The document delivers on a campaign promise to reroute American government investment of resources in directions that differ sharply from prior administrations, and offers, he says, a "budget blueprint to make America great again."
For residential real estate developers, construction workers, building materials distributors, and home building enterprises, the impact of the plan--should Congress embrace it to a significant degree--would become clear only as its designed intent catalyzes a set of outcomes.
What happens between the unwinding, sunsetting, defunding, and re-appropriating resources for programs many Americans regard as critical to survival and the economic re-ignition promised by the budget makeover could be a painful period.
The promise to "make America great" would change hard-wired funding, regulation, and federal sponsorship programs out in favor of freer market forces.
The way many business leaders view the "blueprint"--including some we've talked to who run some of housing's bigger organizations--it's a big trade-off, from a byzantine complex of costly programs that don't seem to be working to, well, another way of recognizing and using money and time.
Corporate leaders like what the new template purports to do, which is to unleash economic growth that has been pent-up, and is therefore ready to spring forward, fast.
Marketwatch economics analyst Jeffry Bartash noted that the Business Roundtable of U.S. chief executives posted its "biggest increase since the end of 2009." Bartash writes:
The roundtable’s CEO outlook index leaped 19.1 points to 93.3 in the first quarter, marking the first time in almost two years that it’s exceeded the historic average of 79.8. Plans to hire and spend more on big investments surged.
The roundtable represents companies with over $6 trillion in annual sales and more than 15 million workers.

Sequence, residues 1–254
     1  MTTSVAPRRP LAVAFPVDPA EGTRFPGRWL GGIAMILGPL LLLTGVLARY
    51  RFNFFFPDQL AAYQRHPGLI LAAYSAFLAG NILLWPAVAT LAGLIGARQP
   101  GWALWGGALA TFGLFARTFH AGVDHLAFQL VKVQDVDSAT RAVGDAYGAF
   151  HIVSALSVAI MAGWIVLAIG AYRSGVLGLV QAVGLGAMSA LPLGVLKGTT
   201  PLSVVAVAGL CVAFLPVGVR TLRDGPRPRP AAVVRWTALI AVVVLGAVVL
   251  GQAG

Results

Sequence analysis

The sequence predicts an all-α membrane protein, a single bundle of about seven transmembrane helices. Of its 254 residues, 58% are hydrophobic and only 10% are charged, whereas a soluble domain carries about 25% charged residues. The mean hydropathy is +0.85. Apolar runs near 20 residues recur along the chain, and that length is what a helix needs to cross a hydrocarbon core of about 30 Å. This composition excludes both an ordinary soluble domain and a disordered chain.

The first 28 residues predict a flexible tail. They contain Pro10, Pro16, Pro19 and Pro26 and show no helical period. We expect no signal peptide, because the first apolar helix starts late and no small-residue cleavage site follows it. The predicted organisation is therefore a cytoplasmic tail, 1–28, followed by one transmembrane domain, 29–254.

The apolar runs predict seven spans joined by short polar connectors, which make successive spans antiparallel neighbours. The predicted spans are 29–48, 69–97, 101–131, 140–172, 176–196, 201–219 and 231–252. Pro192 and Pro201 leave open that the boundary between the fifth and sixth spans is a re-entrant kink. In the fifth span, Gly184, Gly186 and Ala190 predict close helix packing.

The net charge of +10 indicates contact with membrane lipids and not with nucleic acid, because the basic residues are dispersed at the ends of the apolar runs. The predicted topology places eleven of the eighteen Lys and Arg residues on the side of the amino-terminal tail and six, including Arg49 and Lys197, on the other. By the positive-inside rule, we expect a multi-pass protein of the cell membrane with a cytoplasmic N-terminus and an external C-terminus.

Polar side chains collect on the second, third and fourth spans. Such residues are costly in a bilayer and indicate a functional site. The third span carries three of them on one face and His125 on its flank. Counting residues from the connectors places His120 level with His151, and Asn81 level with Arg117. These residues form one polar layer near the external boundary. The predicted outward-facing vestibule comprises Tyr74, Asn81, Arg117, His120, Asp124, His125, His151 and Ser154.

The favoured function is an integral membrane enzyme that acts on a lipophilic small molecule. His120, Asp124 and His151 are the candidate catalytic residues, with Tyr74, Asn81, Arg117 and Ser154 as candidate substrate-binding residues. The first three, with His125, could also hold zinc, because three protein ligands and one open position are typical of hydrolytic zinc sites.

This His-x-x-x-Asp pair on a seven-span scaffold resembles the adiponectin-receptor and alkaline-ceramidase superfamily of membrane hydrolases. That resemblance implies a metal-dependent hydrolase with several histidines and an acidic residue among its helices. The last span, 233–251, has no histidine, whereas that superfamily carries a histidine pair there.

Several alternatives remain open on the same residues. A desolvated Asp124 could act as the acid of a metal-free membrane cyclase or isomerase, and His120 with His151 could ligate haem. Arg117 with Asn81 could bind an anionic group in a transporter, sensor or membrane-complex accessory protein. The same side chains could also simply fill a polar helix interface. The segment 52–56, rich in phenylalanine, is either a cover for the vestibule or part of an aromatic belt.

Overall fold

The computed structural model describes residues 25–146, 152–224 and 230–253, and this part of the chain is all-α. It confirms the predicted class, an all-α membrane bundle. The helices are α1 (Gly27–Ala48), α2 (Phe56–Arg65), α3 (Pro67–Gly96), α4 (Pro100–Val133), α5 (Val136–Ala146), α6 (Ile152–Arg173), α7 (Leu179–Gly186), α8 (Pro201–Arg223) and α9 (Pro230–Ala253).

The Trump administration has already moved rapidly to reduce regulations opposed by many businesses. The White House also plans to cut taxes, spend more on public works and take other measures to make the U.S. a more attractive place to invest.
There are two big catches here that real estate, construction, and distribution interests must consider as they continue to manage their own investment of resources across present and near-future time horizons.
One concerns the difference between any "blueprint" and a real-world structure, with real materials, engineering, and construction. Trump's radical vision for an economic restructuring may make it into real-world, workaday policy in a profoundly revised form, bearing little resemblance to what he submitted. If Congressmen and women didn't need to get reelected, things might be different, but they do, so they're not.
The other concern is a core philosophical dilemma in this "America First" template. It's a dilemma in the home building, construction, real estate, and development business communities simply because benefits of the program may easily be offset by the same program's potential damages.
The Trump budget, as it is, stands true to the President's promise to reduce overall discretionary government spending, cutting out regulatory programs (EPA being the most dramatic example), and portending slashes in taxes, fees, costs-of-compliance, etc., which would all benefit builders and the network of businesses and trades that support housing.
Fivethirtyeight economics writer Ben Casselman writes:
A few things jump out right away: Military spending gets a big boost. So does the Department of Homeland Security, which would get $2.6 billion to begin construction of Trump’s signature border wall and $314 million to recruit, hire, and train new border patrol and immigration enforcement officers. The biggest cuts would come from the Environmental Protection Agency and the State Department, particularly foreign aid. Mick Mulvaney, Trump’s budget chief, has described it as a “hard power budget” that emphasizes military strength over diplomacy.
The dilemma--specifically for those businesses in the housing ecosystem--is the "protectionist" dimensions of policy that could limit or add costs to guest worker visa programs for construction's immigrant labor force, and would certainly add input costs for builders who source materials and products from across borders newly protected, either by physical walls or border tariffs on products grown, manufactured, mined, or otherwise produced outside America's boundaries.
So, housing's corporate titans--who stand to benefit themselves from this restated set of priorities--have to ask themselves whether the gains will translate the same way for prospective home buyers, and prospective workers and associates as well.
The costs for protectionism may be equal to or greater than the savings sought through deregulation, lower taxation, and a freer domestic market. Anyone doing the math on that?